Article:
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Dutch Tourist Fatally Shot During Robbery in Miami

February 23, 1996

MIAMI (AP) _ A Dutch tourist was fatally shot this morning after she and her husband got lost in a high-crime neighborhood and pulled into a gas station to ask for directions.

It was the first slaying of a tourist in Florida since late 1993, when 10 fatal attacks on foreign visitors damaged the Sunshine State’s image as a vacation haven.

The 42-year-old Dutch woman and her husband stopped at a Shell station in the Liberty City section shortly before 10 a.m. for directions, police said. The neighborhood northwest of downtown is a blighted section and was the scene of race riots in 1980.

Two men approached their rental car to rob them, and the woman was shot in the upper torso as she sat in the passenger seat, Metro-Dade police Detective Brian Calloway said.

``One man went up to the car and `boom, boom, boom, boom,′ ″ said one witness, holding up his hand as if it were a gun.

The husband was not wounded, and the gunmen fled in a car.

Witnesses at the scene who would not give their names said a third man stayed in the getaway car. Calloway said police were searching for a four-door car with tinted windows.

The woman, whose identity was not released, was taken by ambulance to Jackson Memorial Hospital and died two hours later, hospital spokeswoman Ann Lynn Denker said.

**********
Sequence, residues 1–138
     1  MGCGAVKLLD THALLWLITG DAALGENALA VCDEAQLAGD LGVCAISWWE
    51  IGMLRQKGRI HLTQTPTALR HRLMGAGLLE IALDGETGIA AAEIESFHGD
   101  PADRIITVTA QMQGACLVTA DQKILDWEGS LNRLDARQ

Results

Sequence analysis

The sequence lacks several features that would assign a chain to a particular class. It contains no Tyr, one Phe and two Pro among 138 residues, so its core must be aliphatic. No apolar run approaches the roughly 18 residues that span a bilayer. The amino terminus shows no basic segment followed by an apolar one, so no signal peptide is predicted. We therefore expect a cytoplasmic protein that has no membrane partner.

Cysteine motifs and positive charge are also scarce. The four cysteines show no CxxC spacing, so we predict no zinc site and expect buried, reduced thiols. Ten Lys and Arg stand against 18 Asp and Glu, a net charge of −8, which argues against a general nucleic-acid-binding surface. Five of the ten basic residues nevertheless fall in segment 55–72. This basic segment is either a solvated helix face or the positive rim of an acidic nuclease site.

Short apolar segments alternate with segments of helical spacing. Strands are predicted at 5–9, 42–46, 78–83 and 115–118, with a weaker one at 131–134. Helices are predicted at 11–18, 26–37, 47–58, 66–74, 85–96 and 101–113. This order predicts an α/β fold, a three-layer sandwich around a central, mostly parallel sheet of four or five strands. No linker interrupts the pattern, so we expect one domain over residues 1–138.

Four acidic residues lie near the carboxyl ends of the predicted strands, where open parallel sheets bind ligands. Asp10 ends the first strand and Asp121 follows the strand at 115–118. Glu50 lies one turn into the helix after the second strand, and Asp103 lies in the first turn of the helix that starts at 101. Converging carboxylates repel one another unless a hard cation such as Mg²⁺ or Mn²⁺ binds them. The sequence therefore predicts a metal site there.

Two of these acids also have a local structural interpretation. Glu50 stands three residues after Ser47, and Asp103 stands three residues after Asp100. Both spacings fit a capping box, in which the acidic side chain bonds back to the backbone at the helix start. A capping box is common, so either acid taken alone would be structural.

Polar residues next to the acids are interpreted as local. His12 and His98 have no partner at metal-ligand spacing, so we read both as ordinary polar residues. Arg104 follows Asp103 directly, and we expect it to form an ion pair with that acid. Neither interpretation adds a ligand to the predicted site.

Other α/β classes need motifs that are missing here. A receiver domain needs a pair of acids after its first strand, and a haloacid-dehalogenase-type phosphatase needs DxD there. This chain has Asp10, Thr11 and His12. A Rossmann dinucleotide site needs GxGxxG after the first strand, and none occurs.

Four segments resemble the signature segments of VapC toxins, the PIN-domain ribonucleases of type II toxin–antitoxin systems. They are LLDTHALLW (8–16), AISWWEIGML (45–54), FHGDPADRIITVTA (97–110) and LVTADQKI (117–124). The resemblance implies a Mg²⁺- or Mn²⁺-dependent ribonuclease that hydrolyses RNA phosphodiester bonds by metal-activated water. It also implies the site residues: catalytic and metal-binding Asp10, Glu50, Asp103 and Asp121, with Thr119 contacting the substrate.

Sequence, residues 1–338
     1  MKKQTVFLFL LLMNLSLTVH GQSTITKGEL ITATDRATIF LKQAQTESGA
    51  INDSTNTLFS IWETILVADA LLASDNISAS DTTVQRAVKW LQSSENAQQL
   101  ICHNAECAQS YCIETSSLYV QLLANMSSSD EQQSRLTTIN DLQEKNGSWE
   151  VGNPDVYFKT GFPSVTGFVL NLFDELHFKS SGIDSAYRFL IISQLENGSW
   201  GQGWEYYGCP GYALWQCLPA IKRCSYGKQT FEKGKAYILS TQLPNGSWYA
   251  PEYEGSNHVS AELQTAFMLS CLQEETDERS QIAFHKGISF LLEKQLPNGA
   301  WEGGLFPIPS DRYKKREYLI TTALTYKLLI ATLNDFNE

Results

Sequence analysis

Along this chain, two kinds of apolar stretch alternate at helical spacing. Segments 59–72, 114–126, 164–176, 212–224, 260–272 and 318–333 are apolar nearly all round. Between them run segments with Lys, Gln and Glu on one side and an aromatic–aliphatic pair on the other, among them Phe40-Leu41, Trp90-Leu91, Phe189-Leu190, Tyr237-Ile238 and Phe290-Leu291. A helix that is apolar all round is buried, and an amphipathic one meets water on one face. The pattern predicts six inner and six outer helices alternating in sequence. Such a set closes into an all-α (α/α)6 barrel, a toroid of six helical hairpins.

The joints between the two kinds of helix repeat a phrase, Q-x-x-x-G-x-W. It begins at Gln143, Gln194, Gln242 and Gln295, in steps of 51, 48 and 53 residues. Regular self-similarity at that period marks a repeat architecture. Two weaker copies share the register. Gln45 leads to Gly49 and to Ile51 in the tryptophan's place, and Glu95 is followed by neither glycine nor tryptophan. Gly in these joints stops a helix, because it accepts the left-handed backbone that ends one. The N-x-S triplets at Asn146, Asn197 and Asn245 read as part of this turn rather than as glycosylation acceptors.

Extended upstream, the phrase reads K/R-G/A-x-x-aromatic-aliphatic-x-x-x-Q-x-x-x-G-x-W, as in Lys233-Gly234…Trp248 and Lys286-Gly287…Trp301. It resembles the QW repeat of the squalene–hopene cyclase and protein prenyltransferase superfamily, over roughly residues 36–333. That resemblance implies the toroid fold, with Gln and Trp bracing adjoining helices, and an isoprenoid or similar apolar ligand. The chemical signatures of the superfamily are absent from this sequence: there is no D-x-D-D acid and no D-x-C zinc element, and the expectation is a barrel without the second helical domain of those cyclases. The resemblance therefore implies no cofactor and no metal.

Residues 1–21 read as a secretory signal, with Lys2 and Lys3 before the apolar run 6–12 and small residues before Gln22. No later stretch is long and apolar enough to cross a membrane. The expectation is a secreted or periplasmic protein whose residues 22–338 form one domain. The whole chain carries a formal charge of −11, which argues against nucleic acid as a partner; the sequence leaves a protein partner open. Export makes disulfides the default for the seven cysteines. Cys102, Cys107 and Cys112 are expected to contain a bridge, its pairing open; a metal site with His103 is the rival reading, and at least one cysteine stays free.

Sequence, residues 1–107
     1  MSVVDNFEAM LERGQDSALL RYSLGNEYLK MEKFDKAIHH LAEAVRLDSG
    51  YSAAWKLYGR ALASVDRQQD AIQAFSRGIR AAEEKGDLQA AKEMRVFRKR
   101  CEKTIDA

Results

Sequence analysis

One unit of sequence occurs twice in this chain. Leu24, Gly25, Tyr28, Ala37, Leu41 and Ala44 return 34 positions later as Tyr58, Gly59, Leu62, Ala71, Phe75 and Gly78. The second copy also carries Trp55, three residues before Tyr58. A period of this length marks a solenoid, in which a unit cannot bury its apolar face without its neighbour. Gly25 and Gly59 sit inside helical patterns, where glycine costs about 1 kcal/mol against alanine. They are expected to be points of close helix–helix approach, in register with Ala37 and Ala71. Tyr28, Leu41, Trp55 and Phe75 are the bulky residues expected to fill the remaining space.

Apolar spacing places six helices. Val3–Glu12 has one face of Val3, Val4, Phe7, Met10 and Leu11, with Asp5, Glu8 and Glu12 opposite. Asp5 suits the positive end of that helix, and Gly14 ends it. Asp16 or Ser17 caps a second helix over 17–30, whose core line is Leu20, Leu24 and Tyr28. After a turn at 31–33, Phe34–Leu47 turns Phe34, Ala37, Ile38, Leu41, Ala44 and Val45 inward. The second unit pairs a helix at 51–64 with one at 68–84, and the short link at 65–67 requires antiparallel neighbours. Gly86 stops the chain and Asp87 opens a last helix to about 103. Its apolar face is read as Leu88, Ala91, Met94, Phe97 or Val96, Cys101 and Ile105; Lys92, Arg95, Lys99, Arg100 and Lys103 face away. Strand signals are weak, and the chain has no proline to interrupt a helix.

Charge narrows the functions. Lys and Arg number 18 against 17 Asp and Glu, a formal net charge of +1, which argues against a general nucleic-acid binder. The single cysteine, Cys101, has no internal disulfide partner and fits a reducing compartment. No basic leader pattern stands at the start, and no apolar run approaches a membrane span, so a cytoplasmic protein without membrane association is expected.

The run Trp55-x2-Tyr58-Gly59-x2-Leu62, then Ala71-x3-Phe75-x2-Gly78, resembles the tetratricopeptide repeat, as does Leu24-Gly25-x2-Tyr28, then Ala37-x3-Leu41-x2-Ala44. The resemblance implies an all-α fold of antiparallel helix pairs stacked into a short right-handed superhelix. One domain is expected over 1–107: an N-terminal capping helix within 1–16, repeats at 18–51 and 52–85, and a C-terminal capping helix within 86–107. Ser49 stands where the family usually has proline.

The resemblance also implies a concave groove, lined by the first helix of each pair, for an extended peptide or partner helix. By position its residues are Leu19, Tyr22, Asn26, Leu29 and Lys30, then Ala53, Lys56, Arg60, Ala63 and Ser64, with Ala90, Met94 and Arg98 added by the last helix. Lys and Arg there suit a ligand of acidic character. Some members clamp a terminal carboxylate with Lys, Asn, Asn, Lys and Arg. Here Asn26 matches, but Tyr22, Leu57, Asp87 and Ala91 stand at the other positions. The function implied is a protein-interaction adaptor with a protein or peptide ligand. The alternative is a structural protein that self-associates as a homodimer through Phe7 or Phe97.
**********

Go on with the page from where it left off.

Today’s attack was reminiscent of two fatal slayings of German tourists in 1993. That September, Uwe-Wilhelm Rakebrand, 33, of Germany, was shot to death after his rental car was bumped from behind on a Miami expressway just after he arrived in the country. At the time of the attack, his wife was reading a pamphlet advising tourists what action to take when bumped in traffic.

Barbara Meller Jensen, 39, of Berlin, was killed by robbers April 2, 1993, when she, her two children and her mother got lost and strayed off an interstate highway into a northeast Miami neighborhood.

The last fatal attack on a tourist in Florida was on Mahmet Bahar, 17, of Turkey, who was beaten to death Sept. 17, 1993, in Tampa after an apparent traffic altercation.

After the murders, Miami took a series of steps to safeguard tourists and protect the city’s international image as a tourist getaway.

Car rental companies were told to get rid of any telltale markings or license plates used by those who victimize tourists.

Tourists now can rent high-tech cars with an electronic mapping system and a panic button that will give police their location. Or they can use new roadside tourist phones to call for help and visit special police stations near frequently used highway exits. New highway signs with sunburst symbols lead them to hotels, where they’ll be given more safety tips.

In waiting areas at Miami International Airport, visitors can watch a police video on safety tips, including warnings not to pull over on dark streets to look at maps.

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